Protests are to be held in Bulgaria’s capital city Sofia and the Black Sea cities of Varna and Bourgas on the evening of November 18 against the push by GERB, the Movement for Rights and Freedoms and the Bulgarian Socialist Party to amend the Electoral Code, in particular to return the option of voting using a paper ballot.
The opponents of the move – the We Continue the Change party and the Democratic Bulgaria coalition – see it as an attempt by the “status quo” parties to enable corruption in the electoral process.
The protest in Sofia starts at 6.30pm in front of Parliament, in Varna at 6pm in front of the municipal headquarters and in Bourgas at 6.30pm in front of the municipal headquarters.
The amendments were approved at an all-night sitting of Parliament’s legal affairs committee this week.
They include giving voters a choice between using a voting machine or a paper ballot, reversing current law which says that at polling stations where 300 or more voters are registered, voting is done solely by using a voting machine. Proponents of the sole use of voting machines have argued that this resulted in a cleaner electoral process.
Other controversial moves include raising the threshold for opening a polling station abroad from 40 to 100 applications, rejection of the idea of a separate multi-mandate electoral district for voters abroad, and disbanding the public advisory council to the Central Election Commission.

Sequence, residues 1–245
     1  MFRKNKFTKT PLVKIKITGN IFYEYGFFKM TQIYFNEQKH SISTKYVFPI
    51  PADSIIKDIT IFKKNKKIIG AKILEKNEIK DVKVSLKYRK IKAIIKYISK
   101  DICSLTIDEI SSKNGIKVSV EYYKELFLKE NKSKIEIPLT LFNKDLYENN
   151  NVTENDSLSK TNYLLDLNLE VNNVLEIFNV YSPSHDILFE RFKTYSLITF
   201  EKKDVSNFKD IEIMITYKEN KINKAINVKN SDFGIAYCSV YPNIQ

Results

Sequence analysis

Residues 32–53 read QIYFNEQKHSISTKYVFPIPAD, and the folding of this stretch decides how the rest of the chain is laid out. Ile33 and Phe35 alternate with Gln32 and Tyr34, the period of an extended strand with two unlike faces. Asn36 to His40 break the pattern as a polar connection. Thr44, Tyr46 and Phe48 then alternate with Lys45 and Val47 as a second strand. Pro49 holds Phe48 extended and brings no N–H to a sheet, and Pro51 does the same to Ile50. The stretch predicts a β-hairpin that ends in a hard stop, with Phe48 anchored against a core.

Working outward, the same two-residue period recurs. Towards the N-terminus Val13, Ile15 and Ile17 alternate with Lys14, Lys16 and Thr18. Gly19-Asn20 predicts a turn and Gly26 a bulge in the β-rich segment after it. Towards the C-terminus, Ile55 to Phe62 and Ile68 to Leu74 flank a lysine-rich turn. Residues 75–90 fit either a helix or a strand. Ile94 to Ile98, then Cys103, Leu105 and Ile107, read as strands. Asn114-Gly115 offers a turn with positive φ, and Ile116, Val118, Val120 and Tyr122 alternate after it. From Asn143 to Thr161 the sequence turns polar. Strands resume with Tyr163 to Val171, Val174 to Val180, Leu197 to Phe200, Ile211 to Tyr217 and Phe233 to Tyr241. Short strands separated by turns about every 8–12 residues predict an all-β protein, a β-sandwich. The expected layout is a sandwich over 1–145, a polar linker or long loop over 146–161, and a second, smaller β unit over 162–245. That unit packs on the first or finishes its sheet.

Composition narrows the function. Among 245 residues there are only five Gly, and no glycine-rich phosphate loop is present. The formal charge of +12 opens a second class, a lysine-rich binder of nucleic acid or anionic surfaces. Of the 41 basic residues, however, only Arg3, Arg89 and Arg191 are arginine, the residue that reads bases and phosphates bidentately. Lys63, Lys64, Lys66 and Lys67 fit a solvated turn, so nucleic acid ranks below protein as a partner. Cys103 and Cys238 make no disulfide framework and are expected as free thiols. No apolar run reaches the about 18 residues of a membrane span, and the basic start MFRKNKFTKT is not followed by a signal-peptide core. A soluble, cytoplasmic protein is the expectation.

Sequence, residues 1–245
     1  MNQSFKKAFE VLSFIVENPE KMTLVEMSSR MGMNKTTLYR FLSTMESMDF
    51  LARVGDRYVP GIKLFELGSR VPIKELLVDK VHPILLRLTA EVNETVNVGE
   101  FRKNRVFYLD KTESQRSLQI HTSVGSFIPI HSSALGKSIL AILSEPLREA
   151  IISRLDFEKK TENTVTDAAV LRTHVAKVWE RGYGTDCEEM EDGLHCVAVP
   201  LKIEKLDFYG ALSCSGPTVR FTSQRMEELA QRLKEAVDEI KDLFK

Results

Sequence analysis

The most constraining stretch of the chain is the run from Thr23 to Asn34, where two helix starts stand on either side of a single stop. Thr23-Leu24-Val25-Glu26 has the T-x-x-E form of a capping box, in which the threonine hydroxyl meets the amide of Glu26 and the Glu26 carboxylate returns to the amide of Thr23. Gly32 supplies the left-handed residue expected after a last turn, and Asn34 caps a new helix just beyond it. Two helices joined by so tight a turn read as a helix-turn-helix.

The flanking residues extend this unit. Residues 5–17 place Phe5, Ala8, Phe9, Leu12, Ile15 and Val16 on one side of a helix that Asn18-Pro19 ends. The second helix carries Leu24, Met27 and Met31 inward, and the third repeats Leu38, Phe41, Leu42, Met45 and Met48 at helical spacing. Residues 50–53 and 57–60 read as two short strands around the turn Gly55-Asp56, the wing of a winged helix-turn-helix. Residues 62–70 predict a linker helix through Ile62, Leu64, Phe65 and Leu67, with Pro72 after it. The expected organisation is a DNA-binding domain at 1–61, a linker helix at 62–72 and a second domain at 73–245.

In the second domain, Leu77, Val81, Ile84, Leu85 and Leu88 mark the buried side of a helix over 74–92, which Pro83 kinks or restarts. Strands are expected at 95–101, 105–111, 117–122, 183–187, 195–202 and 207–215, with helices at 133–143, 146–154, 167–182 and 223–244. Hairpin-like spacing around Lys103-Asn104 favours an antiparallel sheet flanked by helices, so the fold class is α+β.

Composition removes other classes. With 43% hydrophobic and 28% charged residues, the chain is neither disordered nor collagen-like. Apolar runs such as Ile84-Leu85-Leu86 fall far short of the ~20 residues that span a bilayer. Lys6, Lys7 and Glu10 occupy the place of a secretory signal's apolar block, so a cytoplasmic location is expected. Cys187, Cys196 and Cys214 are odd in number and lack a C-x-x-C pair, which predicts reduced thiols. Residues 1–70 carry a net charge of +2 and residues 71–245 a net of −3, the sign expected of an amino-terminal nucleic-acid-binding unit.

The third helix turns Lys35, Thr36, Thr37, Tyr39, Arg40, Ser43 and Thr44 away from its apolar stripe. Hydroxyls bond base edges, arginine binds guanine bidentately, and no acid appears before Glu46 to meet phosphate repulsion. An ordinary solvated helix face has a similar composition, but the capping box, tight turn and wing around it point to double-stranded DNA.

The controversy has had an impact on the parliamentary process and on prospects of the current National Assembly electing a government.
We Continue the Change and Democratic Bulgaria are boycotting sittings until the House deals with the Electoral Code amendments.
They also have rejected the idea of negotiating with the Bulgarian Socialist Party, their erstwhile partner in government, on the possible formation of a new government unless the socialists withdraw their support for the return of paper ballots.
On the morning of November 18, the National Assembly struggled to achieve a quorum to begin its sitting, doing so only at the third and final attempt.
We Continue the Change and Democratic Bulgaria absented themselves, while the GERB group was not present because leader Boiko Borissov called it into an early morning meeting.
Speaking at a news conference after the GERB group meeting, Borissov said that he was willing to make concessions on the amendments, with the exception of the return of the paper ballots.
Borissov accused We Continue the Change and Democratic Bulgaria of using the Electoral Code amendments as a pretext to force elections.
The two groups responded with a counter-proposal, to vote into being a parliamentary ad hoc committee on amendments to the Electoral Code.
They reiterated that they wanted the entire bill of amendments withdrawn, describing the legal affairs committee meeting that approved it as “midnight madness”.
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